The concept of balance is an integral part of design as it plays a major role in a great number of practices ranging from the structural integrity of our surroundings, to obscurities such as dance and sculpture. Balance is also a critical concept in our evolved and designed lives, it enables us to move around, enables us to be still, enables us to make decisions and it enables us to continuously recreate the world that we live in.
Balance has several meanings, all of which can be related in some way to the world of design. The first definition, “An even distribution of weight enabling someone or something to remain upright and steady”, describes physical balance and is relevant to a large number of things ranging from the movement of humans to the construction and stability of a standard dining room chair. Despite appearing simple to the naked eye, the act of standing and remaining still involves a huge number of factors, such as taking into account and then counteracting the effects of gravity, the continuous readjustments of structure and the incessant oscillating of our muscular system. In the same sense, although a chair is a designed, non-living object, it has been made by taking into account the physics of gravity and the legs have been designed with the final aim of being able to balance and support not only the seat and the chair back, but the human sitting on it as well.
Within art, balance is described as the Harmony of design and proportion, which can mean any number of things but mainly that with any finished piece; there must be both the premeditated appearance of the object itself but also an articulated estimation of the world in which the object will belong. With this type of balance, the aim is not to gain equilibrium, but to distort and recreate the idea of the equilibrium until you are left with something that is both unique and highly personalised. Balance within art also describes the technique used by fine artists where everything within a composition looks as if it is in its right place and there is no particular aspect that detracts attention from another. However, whilst this increases the overall unity, it decreases variety and most importantly, interest. This visual side of balance is still very much interlinked with our own physical sense and understanding of the concept. This can be demonstrated by various optical illusions as, although they are just 2D images, they can be composed in such a way that the viewer can actually become disorientated and unbalanced. This effect can be achieved by a number of techniques ranging from simple colour manipulation to the reconstruction of the objects set order. This works because we have an automatic expectation of how things should appear and when this expectation is not met, our visual receptor struggles to adapt to the new situation. This would fall more under the category of psychological unbalance rather than physical unbalance.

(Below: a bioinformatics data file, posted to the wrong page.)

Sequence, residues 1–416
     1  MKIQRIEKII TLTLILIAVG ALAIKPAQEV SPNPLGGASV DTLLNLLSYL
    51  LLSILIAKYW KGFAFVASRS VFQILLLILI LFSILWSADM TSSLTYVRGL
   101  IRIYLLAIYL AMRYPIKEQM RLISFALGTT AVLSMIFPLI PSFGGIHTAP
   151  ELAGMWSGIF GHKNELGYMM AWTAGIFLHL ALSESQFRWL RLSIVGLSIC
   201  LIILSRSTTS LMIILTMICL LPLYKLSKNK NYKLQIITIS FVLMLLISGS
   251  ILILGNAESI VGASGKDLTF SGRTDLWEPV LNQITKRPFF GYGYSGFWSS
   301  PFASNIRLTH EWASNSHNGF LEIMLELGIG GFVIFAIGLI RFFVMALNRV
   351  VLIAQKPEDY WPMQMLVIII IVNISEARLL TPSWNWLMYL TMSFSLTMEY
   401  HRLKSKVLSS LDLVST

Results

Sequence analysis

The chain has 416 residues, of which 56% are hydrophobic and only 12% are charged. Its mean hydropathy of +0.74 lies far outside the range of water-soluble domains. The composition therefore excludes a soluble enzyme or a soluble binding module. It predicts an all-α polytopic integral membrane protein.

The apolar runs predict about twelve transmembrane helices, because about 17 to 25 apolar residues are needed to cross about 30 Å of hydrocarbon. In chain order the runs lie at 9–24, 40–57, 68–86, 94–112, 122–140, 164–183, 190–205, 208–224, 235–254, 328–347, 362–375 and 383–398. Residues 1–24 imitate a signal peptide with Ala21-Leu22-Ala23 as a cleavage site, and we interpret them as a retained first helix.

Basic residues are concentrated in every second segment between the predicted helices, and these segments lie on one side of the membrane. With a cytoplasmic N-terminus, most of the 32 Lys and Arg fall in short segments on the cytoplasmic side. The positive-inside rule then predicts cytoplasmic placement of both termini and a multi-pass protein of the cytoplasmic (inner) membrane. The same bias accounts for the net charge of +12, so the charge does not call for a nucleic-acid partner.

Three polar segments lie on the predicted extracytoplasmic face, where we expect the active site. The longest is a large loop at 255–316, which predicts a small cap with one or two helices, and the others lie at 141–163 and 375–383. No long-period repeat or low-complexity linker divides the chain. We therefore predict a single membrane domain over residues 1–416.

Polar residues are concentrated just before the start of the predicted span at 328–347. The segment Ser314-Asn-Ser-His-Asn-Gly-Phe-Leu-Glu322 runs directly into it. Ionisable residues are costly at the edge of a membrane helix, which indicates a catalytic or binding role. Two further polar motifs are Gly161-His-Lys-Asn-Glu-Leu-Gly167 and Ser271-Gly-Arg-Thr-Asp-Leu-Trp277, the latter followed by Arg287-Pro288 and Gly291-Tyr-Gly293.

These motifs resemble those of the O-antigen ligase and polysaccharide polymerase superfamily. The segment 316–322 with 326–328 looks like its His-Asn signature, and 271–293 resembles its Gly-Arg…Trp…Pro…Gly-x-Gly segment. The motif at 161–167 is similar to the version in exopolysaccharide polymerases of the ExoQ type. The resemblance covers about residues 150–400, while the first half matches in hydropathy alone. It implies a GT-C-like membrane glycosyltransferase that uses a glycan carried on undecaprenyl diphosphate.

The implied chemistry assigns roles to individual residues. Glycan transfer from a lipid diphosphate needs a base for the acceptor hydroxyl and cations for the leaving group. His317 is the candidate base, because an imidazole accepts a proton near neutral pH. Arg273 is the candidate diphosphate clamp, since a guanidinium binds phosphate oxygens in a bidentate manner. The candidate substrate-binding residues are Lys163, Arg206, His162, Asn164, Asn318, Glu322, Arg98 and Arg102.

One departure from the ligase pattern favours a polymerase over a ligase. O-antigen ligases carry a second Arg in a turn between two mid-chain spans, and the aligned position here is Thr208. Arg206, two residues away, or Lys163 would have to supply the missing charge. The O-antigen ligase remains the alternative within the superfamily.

Balance can also represent the harmony often found within social groupings like friends and family, where competing interests such as politics or artistic opinions differ. The perfect balance within such social groupings would be when these differing theories and beliefs meet, a debate ensues and without any need for an ultimatum, each individual recognises the others right to freedom of thought and an agreement of disagreement is met. One example of such an occasion would be the story of Arthurs Knights and the round table, an event with such significance in today’s culture that it even has its own phrase, to roundtable something is to present an idea and give every involved party an equal chance to present their own thoughts and the final outcome will be a combination of interests. This can also be seen in UK politics through collective responsibility, when the Prime Minister (first among equals) and the cabinet will decide on something as a group and take an equal share of responsibility for the outcome, whatever it may be.